Citizen scientists in Australia have discovered seven new species of spider after spotting unusual-looking creatures and submitting the information to experts via a conservation app.
The new species are yet to be formally named but include an “exclamation mark spider”, which features a white line along its back which is trailed by a dot, and a “fishing spider”, which hunts for prey by detecting ripples on the surface of water.
Dr Robert Whyte, a spider researcher at the Queensland Museum, partnered with the QuestaGame app, which encourages users to submit photographs of rare and unknown species as well as field notes.
Australia has about 4,000 identified spider species but, according to Dr Whyte, this could double if enough people searched their backyards and gardens.
"I’m pretty sure I could find a new species in somebody’s backyard if it was reasonably close to bush, within half an hour," he told ABC News.
QuestaGame, which was launched in Australia in 2014, held an “Arachnid Adventure” from December 8 to 24, resulting in 1,905 sightings around the world and 143 species.
Dr Whyte said a user north of Sydney collected four spiders that are believed to be samples of new species.
"They’re not uncommon but they’re completely undescribed and I don’t think that anyone had even collected any before this citizen science stuff sprang up, so that’s how important it is," he said.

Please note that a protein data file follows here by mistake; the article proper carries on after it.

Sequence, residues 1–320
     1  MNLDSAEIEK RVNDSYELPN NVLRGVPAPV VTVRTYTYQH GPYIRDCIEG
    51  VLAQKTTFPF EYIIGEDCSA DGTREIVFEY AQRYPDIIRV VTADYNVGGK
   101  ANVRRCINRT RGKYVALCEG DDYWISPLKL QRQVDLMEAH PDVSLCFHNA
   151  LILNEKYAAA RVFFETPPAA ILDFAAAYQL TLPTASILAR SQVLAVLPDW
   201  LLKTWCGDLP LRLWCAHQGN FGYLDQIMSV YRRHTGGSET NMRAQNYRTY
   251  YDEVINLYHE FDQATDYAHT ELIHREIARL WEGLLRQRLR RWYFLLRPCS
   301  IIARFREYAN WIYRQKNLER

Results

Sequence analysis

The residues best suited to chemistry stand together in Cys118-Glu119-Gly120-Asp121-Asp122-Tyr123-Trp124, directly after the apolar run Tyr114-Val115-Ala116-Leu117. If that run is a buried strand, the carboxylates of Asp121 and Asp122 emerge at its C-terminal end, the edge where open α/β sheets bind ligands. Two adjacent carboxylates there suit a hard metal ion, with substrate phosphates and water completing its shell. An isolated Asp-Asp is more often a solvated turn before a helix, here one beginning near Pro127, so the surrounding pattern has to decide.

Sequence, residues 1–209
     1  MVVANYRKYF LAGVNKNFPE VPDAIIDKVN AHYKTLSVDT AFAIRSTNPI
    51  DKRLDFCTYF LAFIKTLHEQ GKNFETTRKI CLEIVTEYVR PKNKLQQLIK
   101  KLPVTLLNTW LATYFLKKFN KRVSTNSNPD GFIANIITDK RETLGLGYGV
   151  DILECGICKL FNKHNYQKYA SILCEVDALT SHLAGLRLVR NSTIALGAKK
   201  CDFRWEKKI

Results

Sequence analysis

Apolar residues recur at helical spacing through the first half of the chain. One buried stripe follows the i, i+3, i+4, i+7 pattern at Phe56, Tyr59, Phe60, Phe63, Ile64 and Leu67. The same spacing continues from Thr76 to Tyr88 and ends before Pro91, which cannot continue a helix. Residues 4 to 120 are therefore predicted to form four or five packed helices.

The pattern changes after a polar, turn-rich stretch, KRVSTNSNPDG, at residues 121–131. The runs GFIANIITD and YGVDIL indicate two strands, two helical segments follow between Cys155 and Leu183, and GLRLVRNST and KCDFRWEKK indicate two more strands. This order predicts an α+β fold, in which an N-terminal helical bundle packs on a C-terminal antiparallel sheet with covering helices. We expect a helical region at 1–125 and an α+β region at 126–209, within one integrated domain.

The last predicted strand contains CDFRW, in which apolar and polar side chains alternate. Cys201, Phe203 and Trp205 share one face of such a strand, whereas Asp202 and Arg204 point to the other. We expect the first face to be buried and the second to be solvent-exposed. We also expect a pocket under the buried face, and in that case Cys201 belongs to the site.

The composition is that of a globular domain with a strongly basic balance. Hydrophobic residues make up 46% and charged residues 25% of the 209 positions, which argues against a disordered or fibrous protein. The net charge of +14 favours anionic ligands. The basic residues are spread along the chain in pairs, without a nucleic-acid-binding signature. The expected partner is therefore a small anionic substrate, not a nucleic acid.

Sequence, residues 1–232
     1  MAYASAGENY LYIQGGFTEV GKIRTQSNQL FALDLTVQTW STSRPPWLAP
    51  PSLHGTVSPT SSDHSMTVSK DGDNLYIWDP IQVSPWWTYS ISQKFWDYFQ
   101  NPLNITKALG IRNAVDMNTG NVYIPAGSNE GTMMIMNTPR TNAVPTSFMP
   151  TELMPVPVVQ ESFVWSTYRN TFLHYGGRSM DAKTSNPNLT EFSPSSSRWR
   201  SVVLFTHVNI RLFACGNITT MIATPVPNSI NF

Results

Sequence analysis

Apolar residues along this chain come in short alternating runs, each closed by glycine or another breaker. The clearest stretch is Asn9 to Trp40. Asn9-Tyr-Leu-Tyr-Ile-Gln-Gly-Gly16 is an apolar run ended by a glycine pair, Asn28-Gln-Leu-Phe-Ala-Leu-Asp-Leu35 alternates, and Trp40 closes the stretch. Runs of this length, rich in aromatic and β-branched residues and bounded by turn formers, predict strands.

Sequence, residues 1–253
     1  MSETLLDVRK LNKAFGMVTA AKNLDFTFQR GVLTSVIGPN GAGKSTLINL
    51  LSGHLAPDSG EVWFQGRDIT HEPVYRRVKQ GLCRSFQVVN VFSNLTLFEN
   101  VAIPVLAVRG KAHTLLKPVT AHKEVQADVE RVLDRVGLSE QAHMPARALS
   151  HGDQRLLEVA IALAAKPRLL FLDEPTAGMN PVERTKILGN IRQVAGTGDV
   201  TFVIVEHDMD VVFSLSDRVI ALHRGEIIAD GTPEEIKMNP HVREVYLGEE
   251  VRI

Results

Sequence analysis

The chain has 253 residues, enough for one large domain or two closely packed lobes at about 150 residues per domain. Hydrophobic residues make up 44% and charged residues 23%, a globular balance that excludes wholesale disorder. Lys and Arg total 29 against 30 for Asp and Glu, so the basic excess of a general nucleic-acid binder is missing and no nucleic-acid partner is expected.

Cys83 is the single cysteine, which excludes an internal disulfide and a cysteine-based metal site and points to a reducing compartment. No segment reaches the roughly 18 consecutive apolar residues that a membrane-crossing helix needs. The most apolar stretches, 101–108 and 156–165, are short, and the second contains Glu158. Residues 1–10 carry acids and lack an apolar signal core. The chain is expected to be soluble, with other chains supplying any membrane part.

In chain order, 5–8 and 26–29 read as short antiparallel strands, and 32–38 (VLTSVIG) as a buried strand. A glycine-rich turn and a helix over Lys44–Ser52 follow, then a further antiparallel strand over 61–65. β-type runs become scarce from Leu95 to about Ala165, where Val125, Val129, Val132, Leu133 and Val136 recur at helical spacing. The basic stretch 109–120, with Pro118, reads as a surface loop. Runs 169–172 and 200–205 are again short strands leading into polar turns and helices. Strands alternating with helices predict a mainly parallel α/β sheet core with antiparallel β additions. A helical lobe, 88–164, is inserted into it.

"We need the human energy, we need the people power, and it is lucky that there are so many new things to find where people are."
Ben Revell, an experienced QuestaGame user who submitted numerous sightings, said spiders often inspired fear in people but “could sometimes even be cute”.
In a YouTube video, he suggested people try to find spiders by searching for webs or by venturing out after sunset with a torch to look for “twinkling lights shining back”, which are the creature’s eyes.
“One of the best things about spiders is that they are not very hard to find,” he said.
Dr Whyte said some of the new species may be named after their discoverers.
"When we tell people that we know it’s a new species but doesn’t have a name yet, they get a real buzz out of that," he said.
"I think this kind of game inspires a love of naming things, or at least finding out what their names are."
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